August 06, 2007



I'm pretty shocked that Gatsby's money wasn't accounted for until the revision phase!

It makes me deeply curious about how early versions of that book might have read.


You can actually read the early version. Trimalchio - Gatsby's original title - was released a few years ago and is readily available:



Mark this all makes me feel so much better.


the editorial correspondence between fitzgerald and maxwell perkins is marvelous. a favourite nugget is that perkins convinced fitzgerald to change the title back from the proposed, "Among the Ash Heaps and Millionaires."

The Individual Voice

I love his comments about the unresolved aspects of Gatsby's and Daisy's relationship being concealed by his "blankets of excellent prose."

JanePoe (aka Deborah)

I find it fascinating to read the thoughts of other writers on their work ... it's sad how many brilliant novelists never got to experience the true success of their efforts.

Kate Durbin

Congrats on finishing your revisions! What a relief that must be. And I'm glad F. Scott was able to help you on your way. I find Kafka and S. Plath's journals especially helpful when I feel like my work is particularly hellish-it's nice to know that other writers also sometimes want to kill their children.

P. Amy MacKinnon

Yes, congratulations on completing revisions -- for now. To pronounce them finished is a wicked temptation to fate.

Thanks for this entry; how reassuring. Makes me want to pick up my copy of TGG again.

Bill Ectric

When I submitted my first book, Time Adjusters and Other Stories, to iUniverse, I thought it was finished. Fortunately, iUniverse sends a PDF proof file and allows the author a certain number of free corrections. I used up all my freebies.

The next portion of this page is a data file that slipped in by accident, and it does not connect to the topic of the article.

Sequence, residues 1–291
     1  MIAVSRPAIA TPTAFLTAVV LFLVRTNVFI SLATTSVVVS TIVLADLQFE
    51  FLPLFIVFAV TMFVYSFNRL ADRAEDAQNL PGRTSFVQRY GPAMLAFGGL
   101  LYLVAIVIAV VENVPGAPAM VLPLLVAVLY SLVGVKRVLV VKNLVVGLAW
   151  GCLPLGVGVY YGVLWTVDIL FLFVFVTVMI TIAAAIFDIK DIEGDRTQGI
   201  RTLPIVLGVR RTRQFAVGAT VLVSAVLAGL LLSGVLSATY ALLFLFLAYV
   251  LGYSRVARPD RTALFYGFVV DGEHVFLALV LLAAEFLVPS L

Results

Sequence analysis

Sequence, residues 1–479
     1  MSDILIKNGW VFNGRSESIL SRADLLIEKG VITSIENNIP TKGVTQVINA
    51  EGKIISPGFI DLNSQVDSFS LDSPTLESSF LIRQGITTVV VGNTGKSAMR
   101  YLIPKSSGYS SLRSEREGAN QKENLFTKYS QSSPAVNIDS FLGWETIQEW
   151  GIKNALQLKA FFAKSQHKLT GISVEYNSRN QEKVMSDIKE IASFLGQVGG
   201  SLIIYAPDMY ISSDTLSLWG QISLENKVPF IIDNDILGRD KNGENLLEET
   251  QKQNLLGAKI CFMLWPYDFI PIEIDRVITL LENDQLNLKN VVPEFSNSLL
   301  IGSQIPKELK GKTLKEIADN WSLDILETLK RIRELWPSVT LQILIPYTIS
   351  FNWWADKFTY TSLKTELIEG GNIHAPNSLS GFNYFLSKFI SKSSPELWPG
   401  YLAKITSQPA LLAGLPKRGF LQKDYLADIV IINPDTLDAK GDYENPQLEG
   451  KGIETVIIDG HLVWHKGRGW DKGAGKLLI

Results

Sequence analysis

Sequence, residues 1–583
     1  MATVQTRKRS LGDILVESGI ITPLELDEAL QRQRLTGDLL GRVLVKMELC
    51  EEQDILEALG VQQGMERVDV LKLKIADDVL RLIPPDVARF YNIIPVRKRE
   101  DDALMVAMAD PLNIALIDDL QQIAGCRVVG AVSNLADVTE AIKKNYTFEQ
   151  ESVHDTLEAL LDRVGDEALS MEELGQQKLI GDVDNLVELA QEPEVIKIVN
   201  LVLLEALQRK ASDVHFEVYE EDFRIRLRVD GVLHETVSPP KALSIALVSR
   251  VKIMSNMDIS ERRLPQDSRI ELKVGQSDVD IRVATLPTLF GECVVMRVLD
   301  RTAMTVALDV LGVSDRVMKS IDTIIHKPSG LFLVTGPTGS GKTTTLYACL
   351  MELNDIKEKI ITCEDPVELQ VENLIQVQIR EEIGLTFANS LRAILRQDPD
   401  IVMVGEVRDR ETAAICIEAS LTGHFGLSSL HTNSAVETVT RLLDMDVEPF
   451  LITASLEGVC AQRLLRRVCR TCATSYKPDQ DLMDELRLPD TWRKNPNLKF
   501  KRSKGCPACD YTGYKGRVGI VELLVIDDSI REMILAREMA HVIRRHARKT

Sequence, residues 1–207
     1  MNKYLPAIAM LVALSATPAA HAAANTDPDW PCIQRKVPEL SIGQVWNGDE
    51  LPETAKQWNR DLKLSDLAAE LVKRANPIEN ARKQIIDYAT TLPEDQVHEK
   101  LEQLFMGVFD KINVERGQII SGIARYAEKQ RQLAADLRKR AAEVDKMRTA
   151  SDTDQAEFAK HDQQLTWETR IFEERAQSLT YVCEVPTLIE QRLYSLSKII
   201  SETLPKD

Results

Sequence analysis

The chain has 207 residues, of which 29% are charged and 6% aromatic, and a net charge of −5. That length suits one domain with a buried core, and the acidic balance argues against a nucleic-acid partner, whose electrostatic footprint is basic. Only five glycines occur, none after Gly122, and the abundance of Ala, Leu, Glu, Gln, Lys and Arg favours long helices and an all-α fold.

Some of the changes were simple typo corrections. Some were the rewording of sentences to "tighten them up." Done at last! Or so I thought.

When the author copies arrived, I couldn't make myself read it for about a month. I was too gorged on the thing. It was like the ancient torture where they made a man drink oil until he burst. Fortunately, all in good time, my appetite for writing returned voraciously.

When I finally did read it, I knew it was not finished. Oh, it was paid for and splashed up on Amazon.com, but deep inside, I knew it was incomplete in ways that, maybe no one else would notice, but I knew.

There was only one thing to do. I paid the publisher a substantial fee to make more corrections. I added two or three paragraphs to sufficiently account for the actions of the "dark priest" character. One whole passage of exposition seemed lazy so I beefed it so it strengthened the narrative rather than distracted from it.

I also redesigned the cover at the suggestion of Levi Asher from Litkicks.

Now I'm very pleased with the book. The thing is, a lot of people may not realize how demanding self-publishing can be. I need a Max Perkins?

Bill Ectric

Obviously, I need a Max Perkins even worse than I thought. That last sentence was not supposed to end with a question mark. I originally wrote, "Where is Max Perkins when you need him?" When I changed the sentence, I forgot to change the "?" to a period. Then, of course, I told myself, don't past a follow-up message, let it stand. But no, I couldn't. See how I am?


I'm one of David Leavitt's students at U. Florida -- thank you for the comments on Fitzgerald, especially in regards to his short stories!


Hey, have you read Susan Bell's The Artful Edit? She has lots of nice commentary on the Perkins/Fitzgerald relationship as well as Fitzgerald's revision process on the ms.

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